He writes, “They’ve already been sued by California Attorney General, Rob Bonta, for violating Senate Bill 35, which streamlines the construction of affordable housing in cities and counties that don’t build enough of it.”

He then calls out Elk Grove.

He writes: “California is in an affordable housing crisis which is a major factor in a homelessness crisis. We are here because cities like Elk Grove spend their time caving to NIMBYs and using their talent and resources to slow-walk affordable housing projects or to kill them. That’s why SB. 35 was passed in the first place, why Bonta sued Elk Grove, and why the governor targeted them.”

And that’s why Governor Newsom this week signed SB 423 into law which makes SB 35 permanent.

That means the builder’s remedy is here to stay.  And soon it will be Davis, not just Elk Grove, in the AG’s crosshairs.

Why?  Because we fight every housing project whether it goes up or out.  We’ve preserved this town as a place that a lot of people can’t afford to live in.  And that’s going to have consequences.

About The Author

David Greenwald is the founder, editor, and executive director of the Davis Vanguard. He founded the Vanguard in 2006. David Greenwald moved to Davis in 1996 to attend Graduate School at UC Davis in Political Science. He lives in South Davis with his wife Cecilia Escamilla Greenwald and three children.

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  1. Walter Shwe

    California’s widening housing gap defies state efforts to jump-start construction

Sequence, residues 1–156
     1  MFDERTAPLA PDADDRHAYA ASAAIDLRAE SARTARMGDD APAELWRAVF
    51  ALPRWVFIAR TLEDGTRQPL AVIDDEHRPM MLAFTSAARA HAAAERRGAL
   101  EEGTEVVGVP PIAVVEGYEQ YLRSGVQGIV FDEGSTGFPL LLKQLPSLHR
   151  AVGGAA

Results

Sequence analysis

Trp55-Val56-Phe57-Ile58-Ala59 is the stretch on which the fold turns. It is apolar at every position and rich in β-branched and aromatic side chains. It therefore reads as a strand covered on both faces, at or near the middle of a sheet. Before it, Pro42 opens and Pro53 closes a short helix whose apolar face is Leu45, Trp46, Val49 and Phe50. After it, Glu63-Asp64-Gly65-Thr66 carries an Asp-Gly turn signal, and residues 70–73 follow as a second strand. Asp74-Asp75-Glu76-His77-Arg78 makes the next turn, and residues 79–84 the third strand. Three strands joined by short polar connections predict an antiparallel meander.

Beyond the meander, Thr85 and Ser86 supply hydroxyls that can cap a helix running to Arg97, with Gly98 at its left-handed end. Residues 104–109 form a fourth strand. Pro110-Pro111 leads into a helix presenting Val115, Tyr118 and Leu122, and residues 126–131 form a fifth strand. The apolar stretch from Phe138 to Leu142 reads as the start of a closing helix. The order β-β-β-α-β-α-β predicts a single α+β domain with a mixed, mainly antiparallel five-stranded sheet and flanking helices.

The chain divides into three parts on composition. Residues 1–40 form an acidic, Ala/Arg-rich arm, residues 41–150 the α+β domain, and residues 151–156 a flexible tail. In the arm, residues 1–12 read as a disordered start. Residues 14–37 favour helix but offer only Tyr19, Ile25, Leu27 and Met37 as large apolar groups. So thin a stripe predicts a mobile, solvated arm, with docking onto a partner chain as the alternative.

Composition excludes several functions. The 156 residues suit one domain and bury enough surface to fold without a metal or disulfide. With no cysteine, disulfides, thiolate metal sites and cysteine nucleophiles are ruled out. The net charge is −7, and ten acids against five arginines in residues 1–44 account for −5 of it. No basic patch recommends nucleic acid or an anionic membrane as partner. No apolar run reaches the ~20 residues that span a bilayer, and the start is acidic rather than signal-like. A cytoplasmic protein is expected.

“Decades of housing underproduction have contributed to a supply and demand imbalance, resulting in limited housing options available for renters and homeowners, and contributing to millions of households paying a disproportionate share of their income toward housing,” the state budget declares. “These issues contribute to growing numbers of people who are either experiencing or are at risk of homelessness.”

    NIMBYs are unquestionably one of the leading causes of homelessness in California.

  2. wesleysagewalker

    “Being squeezed into tight spaces might be fine for sardines, but it’s not always best for human beings, even if they are ‘close to the Farmers Market.’”


    I don’t understand this line of reasoning. The majority of the world’s population lives in urban areas with much greater density than Davis. Ten million people get along just fine “squeezed into tight spaces” in NYC. Thirteen million in Moscow. This smacks of paternalism and an inability to consider that people may have different preferences.

    Give people choice. If “being squeezed” is so bad, people won’t do it. Why insist on dictating on how others should live their lives? If the author and others prefer more space let them try to acquire it. If others would make different trade offs, let them.

    I believe this reasoning stems from many people’s inability to understand the universal presence of tradeoffs. There are no solutions, only tradeoffs. Preferences are not homogenous. There is no planner or central organizer to impose efficient restrictions on choice.

    Let freedom reign and choice prevail. People need to find real problems to concern themselves with. Apartments are an important part of the housing stock and vertical construction is part of a vibrant society.

    1. David Greenwald

      “The majority of the world’s population lives in urban areas with much greater density than Davis. ”

      This is a critical point that I keep coming back to in these discussions. We act like we are somehow an island unto ourselves. And then we don’t consider the implications long term or even short term for our policies.